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The Bush administration has quietly shelved an effort to ban a gasoline additive that contaminates drinking water.
The Environmental Protection Agency, under the Clinton administration, said low levels of MTBE can make water undrinkable due to its offensive taste and odor. People say the contaminated water tastes like turpentine.
But the Bush administration is letting Congress handle the issue. The regulation is bogged down there over a proposal to shield the industry from some lawsuits.
Scientific evidence has established that MTBE poses risks to human health. MTBE is absorbed rapidly and extensively from the respiratory and gastrointestinal tracts of humans. The Environmental Protection Agency (EPA) has classified MTBE as a possible human carcinogen on the basis of studies that show MTBE to be a carcinogen in animals. Health complaints related to MTBE have included headaches, dizziness, irritated eyes, burning of the nose and throat, coughing, disorientation and nausea.
MTBE also is readily soluble in water and migrates quickly through groundwater. This renders the cleanup of contamination from leaking underground storage tanks much more difficult and expensive.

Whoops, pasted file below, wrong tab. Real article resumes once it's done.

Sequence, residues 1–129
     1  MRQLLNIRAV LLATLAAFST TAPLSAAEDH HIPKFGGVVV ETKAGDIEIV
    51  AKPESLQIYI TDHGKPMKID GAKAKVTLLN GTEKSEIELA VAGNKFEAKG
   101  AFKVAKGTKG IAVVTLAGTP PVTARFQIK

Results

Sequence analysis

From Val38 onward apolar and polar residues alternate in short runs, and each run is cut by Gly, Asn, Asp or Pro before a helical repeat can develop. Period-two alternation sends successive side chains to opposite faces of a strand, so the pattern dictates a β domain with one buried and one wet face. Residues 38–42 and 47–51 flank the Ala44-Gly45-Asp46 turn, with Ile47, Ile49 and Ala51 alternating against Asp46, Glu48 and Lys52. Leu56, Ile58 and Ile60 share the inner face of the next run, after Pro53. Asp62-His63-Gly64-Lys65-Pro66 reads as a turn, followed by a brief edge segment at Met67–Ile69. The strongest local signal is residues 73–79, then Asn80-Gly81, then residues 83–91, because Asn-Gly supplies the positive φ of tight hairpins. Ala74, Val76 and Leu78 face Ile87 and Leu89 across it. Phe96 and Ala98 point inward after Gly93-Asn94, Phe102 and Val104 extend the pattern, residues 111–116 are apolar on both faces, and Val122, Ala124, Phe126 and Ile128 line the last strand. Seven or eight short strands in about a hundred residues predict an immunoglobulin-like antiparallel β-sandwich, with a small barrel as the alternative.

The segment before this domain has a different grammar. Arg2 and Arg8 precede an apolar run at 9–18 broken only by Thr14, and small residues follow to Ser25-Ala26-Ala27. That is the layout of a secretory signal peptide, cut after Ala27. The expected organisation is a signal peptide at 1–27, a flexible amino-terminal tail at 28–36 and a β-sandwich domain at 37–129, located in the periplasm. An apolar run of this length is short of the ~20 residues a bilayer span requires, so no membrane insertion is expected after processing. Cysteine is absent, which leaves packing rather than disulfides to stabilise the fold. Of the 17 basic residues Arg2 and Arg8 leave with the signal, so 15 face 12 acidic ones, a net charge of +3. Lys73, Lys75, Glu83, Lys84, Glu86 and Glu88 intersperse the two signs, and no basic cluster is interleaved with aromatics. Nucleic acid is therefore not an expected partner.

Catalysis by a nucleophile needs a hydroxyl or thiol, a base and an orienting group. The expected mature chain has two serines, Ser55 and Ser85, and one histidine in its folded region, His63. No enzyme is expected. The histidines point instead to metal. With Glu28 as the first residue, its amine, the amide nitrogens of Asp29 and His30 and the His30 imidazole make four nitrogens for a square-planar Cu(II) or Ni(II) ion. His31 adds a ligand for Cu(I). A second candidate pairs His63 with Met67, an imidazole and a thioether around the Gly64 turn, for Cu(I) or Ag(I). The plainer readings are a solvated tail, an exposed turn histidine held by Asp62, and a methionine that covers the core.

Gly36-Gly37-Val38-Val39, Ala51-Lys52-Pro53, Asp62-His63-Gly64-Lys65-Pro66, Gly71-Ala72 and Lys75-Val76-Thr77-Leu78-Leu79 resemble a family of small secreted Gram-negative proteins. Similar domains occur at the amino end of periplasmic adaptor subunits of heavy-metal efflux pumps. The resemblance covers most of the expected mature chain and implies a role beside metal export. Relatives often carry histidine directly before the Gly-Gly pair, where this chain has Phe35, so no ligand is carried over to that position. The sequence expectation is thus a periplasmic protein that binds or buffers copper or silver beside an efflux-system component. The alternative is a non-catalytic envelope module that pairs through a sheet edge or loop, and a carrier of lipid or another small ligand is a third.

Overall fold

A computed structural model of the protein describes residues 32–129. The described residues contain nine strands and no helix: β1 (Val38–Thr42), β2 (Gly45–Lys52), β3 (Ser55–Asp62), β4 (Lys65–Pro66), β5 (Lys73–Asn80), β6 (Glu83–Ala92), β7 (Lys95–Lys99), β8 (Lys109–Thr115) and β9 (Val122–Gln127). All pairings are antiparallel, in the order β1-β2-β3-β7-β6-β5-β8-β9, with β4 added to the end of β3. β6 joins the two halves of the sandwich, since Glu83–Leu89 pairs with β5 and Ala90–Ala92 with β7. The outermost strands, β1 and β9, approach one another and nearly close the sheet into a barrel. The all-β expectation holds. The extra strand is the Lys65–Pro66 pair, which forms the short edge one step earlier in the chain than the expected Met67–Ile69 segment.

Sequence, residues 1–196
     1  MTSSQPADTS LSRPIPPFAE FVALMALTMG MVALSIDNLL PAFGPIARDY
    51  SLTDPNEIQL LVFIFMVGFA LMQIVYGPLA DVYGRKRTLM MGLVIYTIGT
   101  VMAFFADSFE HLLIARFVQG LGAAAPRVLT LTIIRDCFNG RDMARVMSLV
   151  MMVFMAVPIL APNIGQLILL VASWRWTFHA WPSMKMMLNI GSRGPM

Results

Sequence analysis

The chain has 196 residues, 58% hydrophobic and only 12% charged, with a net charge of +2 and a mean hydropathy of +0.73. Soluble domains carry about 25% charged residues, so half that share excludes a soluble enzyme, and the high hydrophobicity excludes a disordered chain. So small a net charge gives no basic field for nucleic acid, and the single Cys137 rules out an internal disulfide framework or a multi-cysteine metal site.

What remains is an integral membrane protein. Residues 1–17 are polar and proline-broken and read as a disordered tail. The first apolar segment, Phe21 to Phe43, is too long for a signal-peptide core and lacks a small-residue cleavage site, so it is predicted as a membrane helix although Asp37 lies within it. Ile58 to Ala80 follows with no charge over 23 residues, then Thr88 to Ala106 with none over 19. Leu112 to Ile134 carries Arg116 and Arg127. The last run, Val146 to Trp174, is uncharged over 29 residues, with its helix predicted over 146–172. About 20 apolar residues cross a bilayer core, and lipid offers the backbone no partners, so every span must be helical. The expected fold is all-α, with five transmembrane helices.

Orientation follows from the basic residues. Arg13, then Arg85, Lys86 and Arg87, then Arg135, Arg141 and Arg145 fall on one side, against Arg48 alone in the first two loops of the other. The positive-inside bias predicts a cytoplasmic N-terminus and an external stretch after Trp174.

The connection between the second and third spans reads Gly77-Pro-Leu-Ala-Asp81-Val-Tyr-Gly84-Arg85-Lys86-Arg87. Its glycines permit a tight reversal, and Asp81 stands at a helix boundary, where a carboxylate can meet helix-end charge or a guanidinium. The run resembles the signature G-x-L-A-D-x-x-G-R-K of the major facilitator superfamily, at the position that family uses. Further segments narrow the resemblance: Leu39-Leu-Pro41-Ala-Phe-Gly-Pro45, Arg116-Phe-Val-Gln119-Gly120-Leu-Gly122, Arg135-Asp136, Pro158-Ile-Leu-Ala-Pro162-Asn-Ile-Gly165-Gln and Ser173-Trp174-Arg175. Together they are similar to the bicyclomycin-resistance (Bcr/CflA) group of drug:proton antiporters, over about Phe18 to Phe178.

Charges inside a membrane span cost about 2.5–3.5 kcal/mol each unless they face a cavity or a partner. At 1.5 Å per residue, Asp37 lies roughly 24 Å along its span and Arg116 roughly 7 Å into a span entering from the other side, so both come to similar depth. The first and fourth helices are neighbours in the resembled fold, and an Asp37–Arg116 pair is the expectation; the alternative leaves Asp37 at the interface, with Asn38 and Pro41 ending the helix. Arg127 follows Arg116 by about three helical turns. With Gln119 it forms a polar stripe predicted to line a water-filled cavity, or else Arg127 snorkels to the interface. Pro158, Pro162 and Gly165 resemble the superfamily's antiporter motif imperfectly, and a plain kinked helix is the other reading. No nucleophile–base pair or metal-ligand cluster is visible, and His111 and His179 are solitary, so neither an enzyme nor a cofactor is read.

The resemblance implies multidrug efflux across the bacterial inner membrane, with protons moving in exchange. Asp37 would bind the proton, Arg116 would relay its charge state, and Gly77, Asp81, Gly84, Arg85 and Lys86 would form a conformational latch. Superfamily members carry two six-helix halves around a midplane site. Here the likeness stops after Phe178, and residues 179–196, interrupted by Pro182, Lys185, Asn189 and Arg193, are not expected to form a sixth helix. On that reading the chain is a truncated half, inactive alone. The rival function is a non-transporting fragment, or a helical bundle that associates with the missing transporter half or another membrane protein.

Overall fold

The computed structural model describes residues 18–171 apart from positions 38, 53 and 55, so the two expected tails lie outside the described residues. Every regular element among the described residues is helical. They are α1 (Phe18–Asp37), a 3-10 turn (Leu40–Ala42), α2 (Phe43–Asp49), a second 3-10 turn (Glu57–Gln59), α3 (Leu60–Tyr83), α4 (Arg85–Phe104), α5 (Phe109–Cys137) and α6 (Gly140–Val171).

Thousands of sources of water have been contaminated across the United States, and spreading MTBE contamination will cause more and more wells to be shut down. MTBE cleanup costs range from a few million dollars to more than $200 million per utility
Critics say the administration is helping its campaign contributors at the expense of public health. Three top MTBE producers have given more than $1 million to Republicans since 1999.
A spokesman for one MTBE producer says the issue has nothing to do with campaign donations. He says the product does just what it's designed to do -- reduce air pollution.